Panama Canal Ensures Secure Draft Levels for Transit
The Panama Canal Authority is ensuring shippers that it has been able to address the water issues in the canal and that it will be able to maintain operations with a secure draft for vessels despite experiencing the fifth driest year in the canal’s 70-year history.
Three months after conservation measures were implemented, the water levels at Gatun Lake can accommodate a steady 45-foot draft, according to the Panama Canal Authority. Previously, there had been concerns that without further interventions that the falling water levels would significantly restrict cargo transits.
In addition to minimizing draft restrictions, the Panama Canal Authority is also adjusting its reservation system. The changes introduced last month offer extended flexibility surrounding fees and swapping booking slots.
Earlier this year, the Panama Canal implemented water-saving measures to address the concerns over the lack of rain. Emerging from its dry season, the Panama Canal Authority says it can maintain a competitive draft with steady operations for months to come.
“Having an operational level of water and transit reliability in the second half of 2020 will be critical for the waterway as it advances its search for long-term water solutions and prepares for coronavirus-driven shifts in trade,” they said in a press release.
The waterway reported that they have been carefully monitored operational water usage since the end of 2018. Due to the unprecedented drought, rainfall at the watershed was 20 percent below the historic average. Water levels were severely constrained at the Gatun and Alhajuela lakes, the main sources of water for the canal, and half of Panama's population.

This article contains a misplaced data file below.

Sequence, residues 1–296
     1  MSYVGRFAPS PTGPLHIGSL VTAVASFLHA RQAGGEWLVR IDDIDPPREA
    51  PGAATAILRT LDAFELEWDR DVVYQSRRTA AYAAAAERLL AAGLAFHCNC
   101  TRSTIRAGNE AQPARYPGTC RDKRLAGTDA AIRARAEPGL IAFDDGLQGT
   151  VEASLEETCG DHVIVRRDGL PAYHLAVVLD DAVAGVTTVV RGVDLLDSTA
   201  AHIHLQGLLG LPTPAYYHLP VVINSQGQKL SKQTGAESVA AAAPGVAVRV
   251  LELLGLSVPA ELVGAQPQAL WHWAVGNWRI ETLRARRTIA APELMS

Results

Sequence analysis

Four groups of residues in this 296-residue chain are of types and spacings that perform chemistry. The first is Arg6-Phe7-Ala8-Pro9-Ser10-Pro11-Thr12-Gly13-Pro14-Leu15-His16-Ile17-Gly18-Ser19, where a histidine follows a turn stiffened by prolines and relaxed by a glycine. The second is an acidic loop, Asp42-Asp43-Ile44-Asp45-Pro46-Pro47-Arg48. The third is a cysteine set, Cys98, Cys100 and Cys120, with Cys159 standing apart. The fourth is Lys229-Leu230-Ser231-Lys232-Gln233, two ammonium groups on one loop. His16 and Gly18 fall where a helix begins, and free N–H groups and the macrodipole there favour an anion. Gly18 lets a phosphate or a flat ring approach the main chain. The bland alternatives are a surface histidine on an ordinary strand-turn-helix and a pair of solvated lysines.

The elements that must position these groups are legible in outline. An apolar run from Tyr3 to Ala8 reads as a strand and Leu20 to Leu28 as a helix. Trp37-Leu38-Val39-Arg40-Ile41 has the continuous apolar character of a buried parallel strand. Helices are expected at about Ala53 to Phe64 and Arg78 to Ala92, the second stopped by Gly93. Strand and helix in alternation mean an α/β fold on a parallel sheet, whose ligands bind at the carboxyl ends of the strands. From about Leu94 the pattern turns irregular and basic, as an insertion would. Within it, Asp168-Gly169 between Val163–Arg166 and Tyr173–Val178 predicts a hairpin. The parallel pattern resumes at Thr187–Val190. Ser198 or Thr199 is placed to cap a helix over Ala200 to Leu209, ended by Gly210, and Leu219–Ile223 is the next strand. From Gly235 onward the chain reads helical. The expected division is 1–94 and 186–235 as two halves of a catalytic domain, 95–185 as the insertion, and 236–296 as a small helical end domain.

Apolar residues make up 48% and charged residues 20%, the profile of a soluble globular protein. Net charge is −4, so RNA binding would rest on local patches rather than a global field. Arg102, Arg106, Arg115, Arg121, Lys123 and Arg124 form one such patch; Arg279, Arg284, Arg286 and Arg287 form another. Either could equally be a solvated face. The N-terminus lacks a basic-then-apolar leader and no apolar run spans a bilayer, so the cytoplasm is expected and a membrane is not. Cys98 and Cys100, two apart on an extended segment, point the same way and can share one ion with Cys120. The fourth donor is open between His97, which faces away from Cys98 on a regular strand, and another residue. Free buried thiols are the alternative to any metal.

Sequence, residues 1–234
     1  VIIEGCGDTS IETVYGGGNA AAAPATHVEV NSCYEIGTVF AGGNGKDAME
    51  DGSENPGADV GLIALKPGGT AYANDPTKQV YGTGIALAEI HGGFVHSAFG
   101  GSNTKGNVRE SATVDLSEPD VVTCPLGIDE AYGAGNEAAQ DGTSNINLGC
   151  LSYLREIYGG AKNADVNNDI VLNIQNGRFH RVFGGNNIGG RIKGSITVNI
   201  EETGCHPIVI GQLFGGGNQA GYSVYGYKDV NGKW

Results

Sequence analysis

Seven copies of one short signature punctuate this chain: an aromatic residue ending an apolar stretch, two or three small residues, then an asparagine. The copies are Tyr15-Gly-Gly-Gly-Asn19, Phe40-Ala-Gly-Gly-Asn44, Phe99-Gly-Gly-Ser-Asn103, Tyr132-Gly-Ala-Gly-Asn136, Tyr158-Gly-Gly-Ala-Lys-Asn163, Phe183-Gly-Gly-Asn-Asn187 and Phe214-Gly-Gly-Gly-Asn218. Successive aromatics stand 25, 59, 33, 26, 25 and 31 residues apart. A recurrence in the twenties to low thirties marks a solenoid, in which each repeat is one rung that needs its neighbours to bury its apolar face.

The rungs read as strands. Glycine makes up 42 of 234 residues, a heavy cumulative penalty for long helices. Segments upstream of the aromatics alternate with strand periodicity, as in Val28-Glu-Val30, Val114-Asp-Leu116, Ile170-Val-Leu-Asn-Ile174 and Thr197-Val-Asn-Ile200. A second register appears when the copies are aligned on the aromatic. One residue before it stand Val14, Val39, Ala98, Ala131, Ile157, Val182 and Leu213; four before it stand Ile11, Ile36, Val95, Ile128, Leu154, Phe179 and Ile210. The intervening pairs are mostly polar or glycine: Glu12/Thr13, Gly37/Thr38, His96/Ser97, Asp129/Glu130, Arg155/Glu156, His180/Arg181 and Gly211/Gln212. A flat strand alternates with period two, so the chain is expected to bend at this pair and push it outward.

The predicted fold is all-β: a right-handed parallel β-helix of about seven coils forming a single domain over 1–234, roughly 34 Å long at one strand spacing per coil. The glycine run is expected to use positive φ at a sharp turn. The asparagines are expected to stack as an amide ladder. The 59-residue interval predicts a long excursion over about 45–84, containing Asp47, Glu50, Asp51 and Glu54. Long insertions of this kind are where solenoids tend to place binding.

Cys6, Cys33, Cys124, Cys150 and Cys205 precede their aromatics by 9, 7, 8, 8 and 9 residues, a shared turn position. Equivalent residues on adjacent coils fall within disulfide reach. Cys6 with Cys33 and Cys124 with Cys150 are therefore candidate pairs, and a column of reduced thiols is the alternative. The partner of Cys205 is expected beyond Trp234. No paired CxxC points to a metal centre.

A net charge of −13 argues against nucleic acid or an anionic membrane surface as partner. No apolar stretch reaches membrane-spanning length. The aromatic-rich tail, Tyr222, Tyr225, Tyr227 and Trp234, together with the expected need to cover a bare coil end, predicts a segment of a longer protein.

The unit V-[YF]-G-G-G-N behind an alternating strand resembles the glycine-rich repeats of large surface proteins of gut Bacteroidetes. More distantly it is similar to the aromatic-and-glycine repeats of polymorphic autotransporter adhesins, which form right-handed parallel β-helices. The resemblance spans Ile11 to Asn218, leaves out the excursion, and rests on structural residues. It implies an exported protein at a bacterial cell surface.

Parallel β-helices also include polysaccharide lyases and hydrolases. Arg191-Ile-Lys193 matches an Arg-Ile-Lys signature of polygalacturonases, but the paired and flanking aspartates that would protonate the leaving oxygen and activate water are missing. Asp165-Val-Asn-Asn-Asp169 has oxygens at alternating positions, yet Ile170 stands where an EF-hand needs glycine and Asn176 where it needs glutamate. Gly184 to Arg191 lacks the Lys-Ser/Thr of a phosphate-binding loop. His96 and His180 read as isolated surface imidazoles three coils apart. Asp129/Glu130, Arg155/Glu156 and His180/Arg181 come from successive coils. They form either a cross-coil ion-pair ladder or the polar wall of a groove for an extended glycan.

The Panama Canal adopted a series of measures to sustain the operational level of water, including a freshwater surcharge. The reservation system was also altered to increase certainty around transit schedules. This allowed for more efficient use of water resources and conservation tactics.
Among the more innovative technique developed by the Panama Canal was cross-filling lockages, which saves the same amount of water used in six lockages each day by sending water between the two lanes during transits at the Panamax Locks.
They are also continuing to implement a series of long-standing conservation initiatives that have been successful in reducing runoff rates and water usage in the surrounding communities. To date, they have completed as the reforestation of over 22,000 acres of land in the area around the canal.
The Panama Canal Authority is also continued to search for long-term solutions. By the end of the year, they expect to request and being to review engineering proposals, and after that, begin constructing a long-term solution.